LONDON, ENGLAND – DECEMBER 21: Mesut Ozil of Arsenal challenged by Fabian Delph and Yaya Toure of Man City during the Barclays Premier League match between Arsenal and Manchester City at Emirates Stadium on December 21, 2015 in London. (Photo by Stuart MacFarlane/Arsenal FC via Getty Images)
Arsenal scored two goals in the final 15 minutes of the first half to defeat Manchester City.
Arsene Wenger was still without Alexis Sanchez so he made no significant changes to his starting XI.
Manuel Pellegrini welcomed back Sergio Aguero to lead the line, while Fabian Delph started on the left over Raheem Sterling. Delph played alongside David Silva in the no.10 role, and Kevin De Bruyne operated on the right.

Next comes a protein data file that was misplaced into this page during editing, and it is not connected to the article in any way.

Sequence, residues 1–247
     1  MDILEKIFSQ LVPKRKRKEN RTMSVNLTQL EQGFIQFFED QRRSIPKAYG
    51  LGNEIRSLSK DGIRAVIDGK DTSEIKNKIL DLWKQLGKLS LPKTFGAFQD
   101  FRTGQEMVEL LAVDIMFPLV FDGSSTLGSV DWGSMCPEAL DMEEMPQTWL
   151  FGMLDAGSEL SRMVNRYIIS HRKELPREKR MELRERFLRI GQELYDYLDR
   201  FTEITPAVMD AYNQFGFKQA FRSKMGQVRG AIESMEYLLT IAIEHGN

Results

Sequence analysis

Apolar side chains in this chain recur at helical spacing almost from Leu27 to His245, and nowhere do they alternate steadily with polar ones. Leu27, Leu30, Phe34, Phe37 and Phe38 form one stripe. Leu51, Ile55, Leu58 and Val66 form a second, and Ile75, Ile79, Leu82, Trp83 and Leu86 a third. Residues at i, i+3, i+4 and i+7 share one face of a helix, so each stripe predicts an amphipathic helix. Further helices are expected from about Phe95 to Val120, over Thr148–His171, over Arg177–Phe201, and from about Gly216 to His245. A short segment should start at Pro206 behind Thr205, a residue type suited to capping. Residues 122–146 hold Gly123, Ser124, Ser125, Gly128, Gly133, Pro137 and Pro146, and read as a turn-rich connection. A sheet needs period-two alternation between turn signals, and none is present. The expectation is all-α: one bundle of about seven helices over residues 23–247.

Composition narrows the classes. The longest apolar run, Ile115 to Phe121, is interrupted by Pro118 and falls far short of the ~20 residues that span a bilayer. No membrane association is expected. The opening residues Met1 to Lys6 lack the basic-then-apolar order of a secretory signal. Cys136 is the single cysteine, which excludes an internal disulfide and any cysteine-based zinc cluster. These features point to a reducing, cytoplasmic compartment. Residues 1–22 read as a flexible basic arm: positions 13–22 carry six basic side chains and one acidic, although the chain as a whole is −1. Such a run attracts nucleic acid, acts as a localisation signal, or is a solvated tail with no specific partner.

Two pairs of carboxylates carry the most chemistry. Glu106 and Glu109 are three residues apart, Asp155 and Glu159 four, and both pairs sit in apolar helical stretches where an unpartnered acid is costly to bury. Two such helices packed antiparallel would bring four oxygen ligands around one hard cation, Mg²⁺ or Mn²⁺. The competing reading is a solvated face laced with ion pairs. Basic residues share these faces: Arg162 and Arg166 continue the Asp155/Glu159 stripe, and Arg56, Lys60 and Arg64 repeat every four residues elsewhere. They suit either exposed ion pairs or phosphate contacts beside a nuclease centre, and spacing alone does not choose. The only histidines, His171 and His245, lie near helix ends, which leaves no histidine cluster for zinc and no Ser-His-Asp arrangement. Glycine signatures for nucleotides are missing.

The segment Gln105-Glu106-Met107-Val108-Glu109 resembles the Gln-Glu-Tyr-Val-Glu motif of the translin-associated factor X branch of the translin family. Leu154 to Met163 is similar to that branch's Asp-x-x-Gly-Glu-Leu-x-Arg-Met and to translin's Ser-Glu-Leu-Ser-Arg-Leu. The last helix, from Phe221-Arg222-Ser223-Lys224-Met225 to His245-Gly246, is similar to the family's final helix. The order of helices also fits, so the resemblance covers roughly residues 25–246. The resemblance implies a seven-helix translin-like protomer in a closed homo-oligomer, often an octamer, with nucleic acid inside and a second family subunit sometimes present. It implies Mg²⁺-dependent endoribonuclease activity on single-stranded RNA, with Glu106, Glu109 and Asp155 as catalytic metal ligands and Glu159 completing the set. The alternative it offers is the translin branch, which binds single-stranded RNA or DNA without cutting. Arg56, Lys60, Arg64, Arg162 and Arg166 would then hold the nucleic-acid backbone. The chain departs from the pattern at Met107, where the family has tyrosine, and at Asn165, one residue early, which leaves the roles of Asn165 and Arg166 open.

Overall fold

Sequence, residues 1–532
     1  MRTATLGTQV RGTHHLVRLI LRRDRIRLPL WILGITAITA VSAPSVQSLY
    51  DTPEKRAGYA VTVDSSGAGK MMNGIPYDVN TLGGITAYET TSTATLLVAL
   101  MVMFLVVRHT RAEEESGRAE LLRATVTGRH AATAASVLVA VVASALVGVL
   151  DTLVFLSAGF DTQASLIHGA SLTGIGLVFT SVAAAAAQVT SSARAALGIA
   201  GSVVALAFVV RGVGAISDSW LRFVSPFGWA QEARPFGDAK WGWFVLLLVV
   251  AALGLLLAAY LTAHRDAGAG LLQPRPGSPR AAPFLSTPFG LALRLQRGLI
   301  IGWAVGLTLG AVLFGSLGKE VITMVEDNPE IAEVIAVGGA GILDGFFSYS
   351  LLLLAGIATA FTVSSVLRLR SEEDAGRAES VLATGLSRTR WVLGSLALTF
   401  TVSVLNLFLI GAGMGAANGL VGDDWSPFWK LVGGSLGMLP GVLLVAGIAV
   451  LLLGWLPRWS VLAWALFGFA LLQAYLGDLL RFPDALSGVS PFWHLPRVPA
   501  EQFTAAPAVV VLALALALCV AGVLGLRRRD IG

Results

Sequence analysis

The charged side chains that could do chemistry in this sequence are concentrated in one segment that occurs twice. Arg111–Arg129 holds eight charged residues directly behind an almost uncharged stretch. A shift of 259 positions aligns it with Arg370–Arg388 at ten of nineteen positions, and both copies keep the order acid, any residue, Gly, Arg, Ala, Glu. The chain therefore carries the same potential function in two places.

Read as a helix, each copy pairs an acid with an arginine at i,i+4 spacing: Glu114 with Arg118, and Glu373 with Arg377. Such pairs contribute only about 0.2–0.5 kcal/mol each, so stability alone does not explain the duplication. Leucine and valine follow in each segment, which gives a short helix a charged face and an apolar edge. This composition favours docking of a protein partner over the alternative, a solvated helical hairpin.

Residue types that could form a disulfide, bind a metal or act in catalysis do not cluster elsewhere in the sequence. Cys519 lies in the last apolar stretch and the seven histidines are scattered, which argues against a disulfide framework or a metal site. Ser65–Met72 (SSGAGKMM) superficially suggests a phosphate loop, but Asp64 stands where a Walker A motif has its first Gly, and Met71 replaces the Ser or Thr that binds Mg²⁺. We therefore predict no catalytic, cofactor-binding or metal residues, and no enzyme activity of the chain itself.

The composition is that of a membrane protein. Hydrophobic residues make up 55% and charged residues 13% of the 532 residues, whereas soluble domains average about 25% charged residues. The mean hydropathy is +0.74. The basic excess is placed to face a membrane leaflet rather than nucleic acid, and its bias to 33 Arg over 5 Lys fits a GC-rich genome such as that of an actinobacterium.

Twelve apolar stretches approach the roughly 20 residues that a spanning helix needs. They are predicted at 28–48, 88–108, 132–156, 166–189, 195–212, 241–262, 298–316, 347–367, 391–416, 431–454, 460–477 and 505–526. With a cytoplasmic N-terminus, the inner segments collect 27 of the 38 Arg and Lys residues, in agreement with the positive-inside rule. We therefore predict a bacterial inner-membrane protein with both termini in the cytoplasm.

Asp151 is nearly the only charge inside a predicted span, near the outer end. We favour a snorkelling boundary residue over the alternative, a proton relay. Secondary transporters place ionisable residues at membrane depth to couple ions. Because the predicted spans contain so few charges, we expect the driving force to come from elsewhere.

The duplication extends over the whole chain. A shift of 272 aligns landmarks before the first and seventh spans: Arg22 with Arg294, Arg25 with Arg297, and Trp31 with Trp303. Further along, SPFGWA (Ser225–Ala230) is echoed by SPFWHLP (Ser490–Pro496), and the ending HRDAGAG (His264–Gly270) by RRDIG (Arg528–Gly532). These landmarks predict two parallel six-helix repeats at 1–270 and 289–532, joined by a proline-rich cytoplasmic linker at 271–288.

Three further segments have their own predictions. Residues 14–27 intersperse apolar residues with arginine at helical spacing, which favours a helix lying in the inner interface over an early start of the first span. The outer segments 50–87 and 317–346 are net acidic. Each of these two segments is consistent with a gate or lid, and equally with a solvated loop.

Recurring issues with tactical discipline witnessed Arsenal overwhelm Manchester City at the Emirates following a positive start to a match where they simply lost control.
One of the key feats heading into the match was how either side would approach the match. City have showcased their pragmatism in big domestic games – this led to a dull goalless draw at Old Trafford – whereas Wenger employed reactive tactics to defeat Pellegrini’s men at the Etihad last season.
At the Emirates, neither side was willing to push forward. Despite dominating plenty of possession, City quickly dropped into two banks of four with Delph tucking centrally to help Silva press Aaron Ramsey, and quickly shifting towards the flanks to prevent Hector Bellerin from pushing forward.
The partnership of Ramsey and Mathieu Flamini deprive Arsenal of creativity and astute passing in deeper positions, so the intent to stifle the former was logical. With Aguero left with the responsibility of harrying both Arsenal centre-backs, Laurent Koscielny often pushed forward to play passes into midfield – though they were often misplaced, the Frenchman’s passing was eventually decisive.